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How much time does the average kid take to get in the car?

Time is spent on important stuff like putting on coats and securing kids in seats

Published: January 4, 2020, 10:30 PM
Updated: January 10, 2020, 3:45 AM

Child in child-seat

If you’re a parent with young children, you probably remember this conversation — “I swear it takes hours to get the kids out the door.” — well, European manufacturer SEAT has researched the subject and concluded it’s not quite that bad but it does add up to about four days per year.

Child in child-seat

And as long as that may seem, it adds up to an average of just 15 to 20 minutes to the morning routine (and as high as 40 minutes according to 7% of survey respondents), and it’s time spent on important stuff like making sure shoes and coats are on properly and that the child is safely in a car seat, with children two to three years old requiring the most time to get suited up, out the door and in the car (as reported by 47%).

Other things that add to the time include last minute bathroom trips and juggling the large amount of paraphernalia that needs to accompany the child.

And yes, the common belief that parents with small children being understandably late for work does apply, with 30% admitting to being late for work by between 11 and 18 minutes at least once per week.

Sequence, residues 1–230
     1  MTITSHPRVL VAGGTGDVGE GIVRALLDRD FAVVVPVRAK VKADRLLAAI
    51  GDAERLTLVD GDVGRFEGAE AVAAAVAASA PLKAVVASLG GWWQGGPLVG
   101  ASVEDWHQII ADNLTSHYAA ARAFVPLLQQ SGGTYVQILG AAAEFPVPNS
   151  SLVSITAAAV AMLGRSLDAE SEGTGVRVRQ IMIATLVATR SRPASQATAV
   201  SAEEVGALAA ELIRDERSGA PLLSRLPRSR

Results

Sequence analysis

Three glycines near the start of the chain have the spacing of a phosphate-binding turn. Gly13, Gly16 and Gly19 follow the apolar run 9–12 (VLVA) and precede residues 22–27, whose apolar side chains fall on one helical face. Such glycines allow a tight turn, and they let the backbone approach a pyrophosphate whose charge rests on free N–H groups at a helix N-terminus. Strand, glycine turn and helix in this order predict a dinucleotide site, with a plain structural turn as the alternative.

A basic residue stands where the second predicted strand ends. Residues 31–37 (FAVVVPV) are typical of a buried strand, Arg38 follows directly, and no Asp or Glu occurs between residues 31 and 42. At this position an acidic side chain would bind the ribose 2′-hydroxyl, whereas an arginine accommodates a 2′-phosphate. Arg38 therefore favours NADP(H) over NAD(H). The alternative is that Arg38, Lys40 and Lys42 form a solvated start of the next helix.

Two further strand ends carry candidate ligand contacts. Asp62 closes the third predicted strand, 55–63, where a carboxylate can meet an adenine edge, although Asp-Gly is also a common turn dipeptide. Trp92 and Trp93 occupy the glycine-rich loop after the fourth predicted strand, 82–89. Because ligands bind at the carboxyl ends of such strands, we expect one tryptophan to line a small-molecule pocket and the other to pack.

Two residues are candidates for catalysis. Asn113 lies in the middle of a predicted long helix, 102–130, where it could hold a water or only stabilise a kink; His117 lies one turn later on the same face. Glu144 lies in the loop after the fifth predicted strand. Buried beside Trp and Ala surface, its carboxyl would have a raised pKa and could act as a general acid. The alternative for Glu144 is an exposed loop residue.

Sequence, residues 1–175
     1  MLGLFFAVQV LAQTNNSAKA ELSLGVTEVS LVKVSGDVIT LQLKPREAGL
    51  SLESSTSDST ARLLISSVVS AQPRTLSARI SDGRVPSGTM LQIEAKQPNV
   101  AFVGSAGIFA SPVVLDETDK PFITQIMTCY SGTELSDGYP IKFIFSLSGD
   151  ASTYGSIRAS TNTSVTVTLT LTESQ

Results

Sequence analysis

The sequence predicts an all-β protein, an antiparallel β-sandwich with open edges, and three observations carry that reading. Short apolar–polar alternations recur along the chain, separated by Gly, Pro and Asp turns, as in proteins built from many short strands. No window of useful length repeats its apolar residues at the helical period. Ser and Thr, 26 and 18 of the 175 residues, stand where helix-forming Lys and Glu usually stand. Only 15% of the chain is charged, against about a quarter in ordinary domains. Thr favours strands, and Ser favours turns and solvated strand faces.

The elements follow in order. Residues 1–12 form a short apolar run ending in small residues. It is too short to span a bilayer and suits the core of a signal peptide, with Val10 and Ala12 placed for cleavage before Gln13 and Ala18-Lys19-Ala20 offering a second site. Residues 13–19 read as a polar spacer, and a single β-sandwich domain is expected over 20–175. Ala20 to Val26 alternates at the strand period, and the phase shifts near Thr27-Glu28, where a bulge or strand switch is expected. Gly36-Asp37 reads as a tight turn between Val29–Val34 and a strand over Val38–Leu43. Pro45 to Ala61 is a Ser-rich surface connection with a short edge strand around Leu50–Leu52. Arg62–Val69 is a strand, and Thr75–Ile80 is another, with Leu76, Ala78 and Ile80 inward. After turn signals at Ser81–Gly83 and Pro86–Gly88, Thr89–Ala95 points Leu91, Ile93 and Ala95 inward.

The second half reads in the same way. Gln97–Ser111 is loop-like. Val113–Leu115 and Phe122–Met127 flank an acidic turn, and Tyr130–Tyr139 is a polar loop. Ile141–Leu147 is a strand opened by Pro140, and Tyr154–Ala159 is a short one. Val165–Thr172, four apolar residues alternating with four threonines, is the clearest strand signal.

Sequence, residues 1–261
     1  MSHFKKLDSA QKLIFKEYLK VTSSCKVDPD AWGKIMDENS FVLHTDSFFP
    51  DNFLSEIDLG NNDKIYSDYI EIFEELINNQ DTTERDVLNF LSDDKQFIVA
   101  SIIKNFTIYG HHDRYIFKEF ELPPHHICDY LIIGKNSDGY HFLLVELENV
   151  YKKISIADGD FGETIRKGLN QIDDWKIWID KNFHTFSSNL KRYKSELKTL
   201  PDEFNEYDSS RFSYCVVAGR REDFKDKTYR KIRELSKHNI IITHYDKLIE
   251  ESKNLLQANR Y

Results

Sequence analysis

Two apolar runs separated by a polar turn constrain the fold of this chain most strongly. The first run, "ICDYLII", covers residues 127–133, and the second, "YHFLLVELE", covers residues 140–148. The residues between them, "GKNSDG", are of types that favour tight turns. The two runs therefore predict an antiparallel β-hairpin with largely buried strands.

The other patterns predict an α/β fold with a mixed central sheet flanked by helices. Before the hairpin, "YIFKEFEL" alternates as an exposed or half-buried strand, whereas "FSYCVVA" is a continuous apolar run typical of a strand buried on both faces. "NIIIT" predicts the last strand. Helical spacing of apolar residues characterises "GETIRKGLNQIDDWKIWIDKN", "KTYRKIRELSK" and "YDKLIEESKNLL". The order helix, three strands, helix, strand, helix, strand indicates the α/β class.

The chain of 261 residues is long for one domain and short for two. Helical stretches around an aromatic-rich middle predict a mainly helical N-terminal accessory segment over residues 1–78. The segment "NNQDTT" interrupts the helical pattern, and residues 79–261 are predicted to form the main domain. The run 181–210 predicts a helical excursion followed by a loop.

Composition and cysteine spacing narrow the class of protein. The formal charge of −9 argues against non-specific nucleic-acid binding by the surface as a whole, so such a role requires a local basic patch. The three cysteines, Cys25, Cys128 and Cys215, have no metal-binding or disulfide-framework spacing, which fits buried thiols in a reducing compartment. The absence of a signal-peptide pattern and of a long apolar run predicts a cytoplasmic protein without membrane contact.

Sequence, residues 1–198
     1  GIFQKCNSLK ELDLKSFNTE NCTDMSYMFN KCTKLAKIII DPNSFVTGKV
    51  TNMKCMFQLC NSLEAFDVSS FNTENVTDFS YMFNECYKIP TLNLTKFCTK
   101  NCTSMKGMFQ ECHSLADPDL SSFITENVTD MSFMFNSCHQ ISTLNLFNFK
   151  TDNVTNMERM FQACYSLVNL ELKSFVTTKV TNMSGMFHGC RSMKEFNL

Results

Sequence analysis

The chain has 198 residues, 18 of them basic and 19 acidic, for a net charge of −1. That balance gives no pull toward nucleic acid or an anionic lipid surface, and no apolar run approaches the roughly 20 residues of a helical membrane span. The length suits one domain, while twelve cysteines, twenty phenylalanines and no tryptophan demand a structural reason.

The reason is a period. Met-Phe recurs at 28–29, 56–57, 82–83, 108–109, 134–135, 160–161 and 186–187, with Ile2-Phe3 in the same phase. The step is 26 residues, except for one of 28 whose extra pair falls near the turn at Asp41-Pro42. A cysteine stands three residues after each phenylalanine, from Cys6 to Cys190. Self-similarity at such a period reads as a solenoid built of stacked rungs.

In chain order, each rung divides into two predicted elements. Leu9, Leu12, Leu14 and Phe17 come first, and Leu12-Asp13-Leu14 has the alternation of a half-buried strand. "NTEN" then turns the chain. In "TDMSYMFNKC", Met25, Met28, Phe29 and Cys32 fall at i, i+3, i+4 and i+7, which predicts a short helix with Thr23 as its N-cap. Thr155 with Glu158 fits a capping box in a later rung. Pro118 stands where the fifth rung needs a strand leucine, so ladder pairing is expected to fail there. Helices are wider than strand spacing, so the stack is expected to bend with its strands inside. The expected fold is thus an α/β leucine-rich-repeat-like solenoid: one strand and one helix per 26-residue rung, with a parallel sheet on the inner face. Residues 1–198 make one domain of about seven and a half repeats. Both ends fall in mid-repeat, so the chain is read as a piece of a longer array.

Child in child-seat

“It won’t be a surprise to parents of young children that getting into the car and setting off on a journey, however long or short, is such a challenge,” says Rob Fryer, Head of Product at SEAT UK. “Whether it’s last-minute toilet trips or deciding which of their toys they’d like to take in the car with them, children can make the job of leaving the house seem daunting.”

Luckily, most manufacturers, especially those marketing desirable crossovers, are trying to alleviate the situation with features such as easy-sliding seats, hands-free hatchgate operation and improved connectivity to make it easier to get kid-friendly content up on the infotainment system.

Chevrolet Tahoe

However, none yet provide the treats that about 25% or respondents offer they children to try and speed up the process of getting in the car.